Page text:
A metric naturally arise from the Euclidean symplectic structure?

For $$n>1$$ let $$\omega=\sum_{i=1}^n dx_i\wedge dy_i$$ be the standard symplectic structure on $$\mathbb{R}^{2n}=\mathbb{R}^n \times \mathbb{R}^n$$. We define the following distribution $$D$$ on $$\mathbb{R}^{2n}\setminus\{0\}$$:

For $$Z\in \mathbb{R}^{2n}\setminus\{0\}$$ we define $$D_Z=\{V\in \mathbb{R}^{2n}\mid \omega(V,Z)=0\}$$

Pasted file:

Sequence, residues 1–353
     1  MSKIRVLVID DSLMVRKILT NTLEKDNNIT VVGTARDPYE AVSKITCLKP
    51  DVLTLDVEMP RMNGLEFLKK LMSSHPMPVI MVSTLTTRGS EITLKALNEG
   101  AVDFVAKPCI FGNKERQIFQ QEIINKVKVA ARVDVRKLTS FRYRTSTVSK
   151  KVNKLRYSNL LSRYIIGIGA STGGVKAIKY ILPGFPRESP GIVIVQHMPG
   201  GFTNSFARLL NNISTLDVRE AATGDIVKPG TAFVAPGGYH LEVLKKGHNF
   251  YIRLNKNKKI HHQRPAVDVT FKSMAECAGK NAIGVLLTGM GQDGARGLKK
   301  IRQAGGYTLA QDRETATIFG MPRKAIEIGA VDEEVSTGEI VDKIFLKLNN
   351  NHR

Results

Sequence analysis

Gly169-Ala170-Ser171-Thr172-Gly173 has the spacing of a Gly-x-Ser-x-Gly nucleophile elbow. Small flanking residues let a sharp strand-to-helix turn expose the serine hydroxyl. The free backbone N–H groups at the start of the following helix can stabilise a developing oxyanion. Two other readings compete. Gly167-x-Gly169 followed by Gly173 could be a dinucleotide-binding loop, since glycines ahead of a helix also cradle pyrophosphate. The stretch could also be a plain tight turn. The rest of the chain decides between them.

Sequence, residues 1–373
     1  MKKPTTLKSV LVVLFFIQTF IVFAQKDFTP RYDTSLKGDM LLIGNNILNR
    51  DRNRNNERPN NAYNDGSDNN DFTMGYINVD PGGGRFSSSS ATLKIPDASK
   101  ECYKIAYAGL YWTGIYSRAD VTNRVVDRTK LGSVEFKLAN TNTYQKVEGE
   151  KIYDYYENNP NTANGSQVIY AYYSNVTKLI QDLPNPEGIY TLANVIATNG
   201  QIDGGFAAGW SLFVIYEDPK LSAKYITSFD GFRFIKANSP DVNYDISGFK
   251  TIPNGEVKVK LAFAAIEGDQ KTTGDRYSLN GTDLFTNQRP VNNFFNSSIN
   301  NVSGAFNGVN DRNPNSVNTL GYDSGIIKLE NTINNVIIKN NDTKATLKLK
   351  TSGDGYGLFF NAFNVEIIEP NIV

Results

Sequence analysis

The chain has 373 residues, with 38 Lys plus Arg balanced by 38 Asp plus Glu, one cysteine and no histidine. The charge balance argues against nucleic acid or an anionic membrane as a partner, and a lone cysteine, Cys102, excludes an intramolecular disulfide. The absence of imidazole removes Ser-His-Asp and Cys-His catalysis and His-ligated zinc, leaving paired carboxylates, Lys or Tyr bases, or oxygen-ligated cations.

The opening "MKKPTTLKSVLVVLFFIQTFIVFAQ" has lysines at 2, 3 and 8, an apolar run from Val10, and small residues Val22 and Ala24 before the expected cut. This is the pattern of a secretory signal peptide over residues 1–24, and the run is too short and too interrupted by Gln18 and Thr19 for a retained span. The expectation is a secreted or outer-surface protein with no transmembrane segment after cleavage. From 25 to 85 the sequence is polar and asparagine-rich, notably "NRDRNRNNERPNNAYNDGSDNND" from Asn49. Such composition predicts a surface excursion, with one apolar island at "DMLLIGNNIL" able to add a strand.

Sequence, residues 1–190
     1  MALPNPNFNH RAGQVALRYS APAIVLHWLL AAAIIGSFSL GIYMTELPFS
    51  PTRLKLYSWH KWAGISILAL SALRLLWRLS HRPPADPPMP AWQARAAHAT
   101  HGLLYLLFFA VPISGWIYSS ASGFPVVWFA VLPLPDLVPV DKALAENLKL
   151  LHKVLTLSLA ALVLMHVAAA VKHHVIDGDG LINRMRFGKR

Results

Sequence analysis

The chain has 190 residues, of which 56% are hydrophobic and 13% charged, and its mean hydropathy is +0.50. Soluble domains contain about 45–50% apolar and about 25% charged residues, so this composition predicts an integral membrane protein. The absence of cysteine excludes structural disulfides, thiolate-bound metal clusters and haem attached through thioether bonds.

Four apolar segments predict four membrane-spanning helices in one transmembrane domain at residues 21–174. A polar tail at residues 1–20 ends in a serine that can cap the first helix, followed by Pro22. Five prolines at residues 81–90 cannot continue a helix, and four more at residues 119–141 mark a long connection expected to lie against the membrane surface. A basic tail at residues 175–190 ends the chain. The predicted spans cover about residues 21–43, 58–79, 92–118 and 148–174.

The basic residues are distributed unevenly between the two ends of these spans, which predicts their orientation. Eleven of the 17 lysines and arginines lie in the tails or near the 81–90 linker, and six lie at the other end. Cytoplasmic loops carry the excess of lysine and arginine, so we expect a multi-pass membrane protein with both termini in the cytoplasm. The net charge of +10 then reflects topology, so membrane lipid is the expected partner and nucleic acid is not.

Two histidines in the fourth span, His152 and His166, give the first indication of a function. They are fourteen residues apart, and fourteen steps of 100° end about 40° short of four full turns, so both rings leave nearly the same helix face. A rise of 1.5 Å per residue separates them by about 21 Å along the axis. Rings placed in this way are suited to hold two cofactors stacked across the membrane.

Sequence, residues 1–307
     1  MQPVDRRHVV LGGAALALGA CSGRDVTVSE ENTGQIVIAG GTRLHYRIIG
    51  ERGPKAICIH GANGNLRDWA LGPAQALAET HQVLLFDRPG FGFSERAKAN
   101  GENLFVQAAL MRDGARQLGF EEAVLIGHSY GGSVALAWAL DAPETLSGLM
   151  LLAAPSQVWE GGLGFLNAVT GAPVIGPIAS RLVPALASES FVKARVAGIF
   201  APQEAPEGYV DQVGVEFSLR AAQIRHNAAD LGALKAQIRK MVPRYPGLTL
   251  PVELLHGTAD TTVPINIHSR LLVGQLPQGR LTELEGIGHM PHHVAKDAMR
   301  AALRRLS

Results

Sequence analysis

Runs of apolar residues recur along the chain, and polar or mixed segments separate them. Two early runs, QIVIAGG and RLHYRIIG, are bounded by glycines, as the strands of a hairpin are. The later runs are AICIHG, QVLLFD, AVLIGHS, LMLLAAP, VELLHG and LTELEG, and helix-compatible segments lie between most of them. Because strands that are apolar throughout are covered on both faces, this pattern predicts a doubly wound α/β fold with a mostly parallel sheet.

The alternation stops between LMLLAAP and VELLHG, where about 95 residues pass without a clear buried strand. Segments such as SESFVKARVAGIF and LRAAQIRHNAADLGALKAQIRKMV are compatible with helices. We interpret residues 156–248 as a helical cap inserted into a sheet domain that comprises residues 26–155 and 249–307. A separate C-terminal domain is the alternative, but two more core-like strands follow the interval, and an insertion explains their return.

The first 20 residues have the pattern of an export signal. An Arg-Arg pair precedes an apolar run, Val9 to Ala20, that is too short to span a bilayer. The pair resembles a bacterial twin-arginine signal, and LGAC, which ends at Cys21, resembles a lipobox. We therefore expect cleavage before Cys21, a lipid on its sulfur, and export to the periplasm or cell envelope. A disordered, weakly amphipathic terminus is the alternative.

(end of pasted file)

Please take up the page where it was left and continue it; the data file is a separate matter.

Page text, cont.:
This is a nonintegrable distribution of codimension $$1$$. We define a meteic on $$\mathbb{R}^{2n}\setminus\{0\}$$ as follows: The distance $$d(x,y)$$ is the infimum of the Euclidean length of all $$D$$- horizontal curves joining(connecting) $$x$$ to $$y$$.

Is this metric well defined(i.e. is this distribution totally non integrable)?Does this metric arise from a Riemannian metric on $$\mathbb{R}^{2n}\setminus\{0\} \}$$?